Today I decided to write about the useful information I have learned while studying in France. I don’t know if this is the same for all countries, but this is true for me, at least in France.
Premier: The French you learned in language class is different than the French that is actually spoken in France. Yes, simple phrases like “J’aime bien ton sac” will get you by, but the French use more expressions than I learned in class. Like, “Ca m’egal” which means “it doesn’t matter to me.”
Deuxieme: Stores are not open on Sunday or Monday, which means running errands and shopping is done during a week day or Saturday. Sunday is seen as a day for rest, or just a day for activities with the family like visiting a museum. I have noticed that some of the major grocery stores like Monoprix (like a Target) are open until noon, then close for the remainder of the day. So if you forgot to buy that baguette for dinner, you will not have a baguette.
Troisieme: The French eat a lot of bread. Bread is a staple in the French diet, everywhere you eat you will always be served a basket of bread. And every night with my host family, having bread and cheese right before dessert is normal. Why wouldn’t you indulge in some amazing French cheese? Even the bigger brands you can buy in the States, like President, tastes better in France.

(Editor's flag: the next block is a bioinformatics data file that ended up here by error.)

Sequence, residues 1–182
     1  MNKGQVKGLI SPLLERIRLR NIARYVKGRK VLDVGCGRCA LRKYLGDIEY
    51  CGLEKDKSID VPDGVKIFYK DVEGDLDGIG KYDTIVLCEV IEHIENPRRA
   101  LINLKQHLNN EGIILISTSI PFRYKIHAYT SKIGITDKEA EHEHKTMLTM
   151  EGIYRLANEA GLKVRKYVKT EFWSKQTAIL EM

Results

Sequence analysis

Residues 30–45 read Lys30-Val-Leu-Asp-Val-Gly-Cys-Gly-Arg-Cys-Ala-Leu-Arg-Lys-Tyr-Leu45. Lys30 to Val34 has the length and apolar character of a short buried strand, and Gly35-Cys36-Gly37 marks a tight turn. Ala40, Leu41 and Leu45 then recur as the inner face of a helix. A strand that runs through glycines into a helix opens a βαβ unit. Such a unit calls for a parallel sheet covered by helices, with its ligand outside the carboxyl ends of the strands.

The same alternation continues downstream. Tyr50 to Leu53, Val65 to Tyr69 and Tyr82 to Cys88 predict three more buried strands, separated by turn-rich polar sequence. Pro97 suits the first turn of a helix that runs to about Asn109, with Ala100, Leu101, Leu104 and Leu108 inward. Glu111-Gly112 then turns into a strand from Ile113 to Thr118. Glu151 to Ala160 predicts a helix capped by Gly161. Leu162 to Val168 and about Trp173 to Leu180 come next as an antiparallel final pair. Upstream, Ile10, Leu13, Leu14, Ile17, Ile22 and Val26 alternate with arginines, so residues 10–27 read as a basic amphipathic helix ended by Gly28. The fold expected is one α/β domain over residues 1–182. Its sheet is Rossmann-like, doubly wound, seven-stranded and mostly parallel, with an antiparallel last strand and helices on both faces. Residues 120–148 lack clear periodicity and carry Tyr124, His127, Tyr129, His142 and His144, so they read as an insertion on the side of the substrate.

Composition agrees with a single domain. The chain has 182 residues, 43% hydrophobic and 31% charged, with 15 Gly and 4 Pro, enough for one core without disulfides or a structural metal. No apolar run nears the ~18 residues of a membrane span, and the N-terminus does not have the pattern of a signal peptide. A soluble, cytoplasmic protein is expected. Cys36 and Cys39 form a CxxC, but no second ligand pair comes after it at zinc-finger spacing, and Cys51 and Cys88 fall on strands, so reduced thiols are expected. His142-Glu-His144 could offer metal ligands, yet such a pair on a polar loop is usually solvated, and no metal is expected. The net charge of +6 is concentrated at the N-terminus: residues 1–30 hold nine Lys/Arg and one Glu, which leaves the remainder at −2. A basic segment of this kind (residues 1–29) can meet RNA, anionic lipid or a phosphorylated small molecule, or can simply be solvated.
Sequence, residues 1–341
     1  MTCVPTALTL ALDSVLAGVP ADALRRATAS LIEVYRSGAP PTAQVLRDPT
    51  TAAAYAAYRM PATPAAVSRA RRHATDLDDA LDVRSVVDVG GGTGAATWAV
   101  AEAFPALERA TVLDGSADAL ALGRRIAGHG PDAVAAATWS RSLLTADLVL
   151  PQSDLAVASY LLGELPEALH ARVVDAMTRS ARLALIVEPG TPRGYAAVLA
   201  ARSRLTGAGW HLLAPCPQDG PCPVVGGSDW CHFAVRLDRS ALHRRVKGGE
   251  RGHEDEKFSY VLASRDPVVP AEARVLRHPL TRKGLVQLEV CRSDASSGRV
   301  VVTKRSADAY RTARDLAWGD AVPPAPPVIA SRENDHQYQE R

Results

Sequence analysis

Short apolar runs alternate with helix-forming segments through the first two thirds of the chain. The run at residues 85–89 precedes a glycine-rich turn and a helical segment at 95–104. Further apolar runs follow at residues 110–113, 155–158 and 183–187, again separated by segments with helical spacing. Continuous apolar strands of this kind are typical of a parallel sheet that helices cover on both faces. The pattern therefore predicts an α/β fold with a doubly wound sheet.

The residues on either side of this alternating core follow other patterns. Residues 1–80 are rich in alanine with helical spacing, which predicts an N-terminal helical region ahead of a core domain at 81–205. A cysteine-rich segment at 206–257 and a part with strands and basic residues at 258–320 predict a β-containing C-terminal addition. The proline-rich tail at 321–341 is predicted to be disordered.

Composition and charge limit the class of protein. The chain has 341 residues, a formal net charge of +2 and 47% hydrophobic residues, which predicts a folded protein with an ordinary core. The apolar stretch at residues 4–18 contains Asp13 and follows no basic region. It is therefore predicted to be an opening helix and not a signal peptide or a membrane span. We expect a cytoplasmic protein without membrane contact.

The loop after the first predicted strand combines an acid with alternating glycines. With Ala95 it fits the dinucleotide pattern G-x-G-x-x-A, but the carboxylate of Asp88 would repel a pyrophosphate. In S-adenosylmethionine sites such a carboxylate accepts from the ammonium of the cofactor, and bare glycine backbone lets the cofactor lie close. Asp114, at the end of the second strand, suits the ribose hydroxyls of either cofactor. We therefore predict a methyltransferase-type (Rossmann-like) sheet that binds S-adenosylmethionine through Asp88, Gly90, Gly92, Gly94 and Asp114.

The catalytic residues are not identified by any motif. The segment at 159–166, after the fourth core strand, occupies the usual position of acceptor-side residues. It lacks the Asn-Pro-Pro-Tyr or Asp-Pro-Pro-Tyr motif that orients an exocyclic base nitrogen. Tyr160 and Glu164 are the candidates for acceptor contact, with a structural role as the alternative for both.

Quatrieme: Walking is a norm for the French. It’s no wonder the French are so fit, they walk everywhere! While I was in Paris this past weekend I walked about 14 miles each day, my boots broke, and now I have massive calluses under my feet. In the United States, everything is so spread out that walking is difficult to do. But here in Europe it’s normal to walk a few blocks to run errands versus the American idea of driving everywhere for everything.
Enfin: Enjoy every moment and try to fit in! Act French and walk with a purpose–this is true for every city in the world. Studying abroad has been the most amazing and eye opening experience of my life. With my host family I am learning about the French politics and history.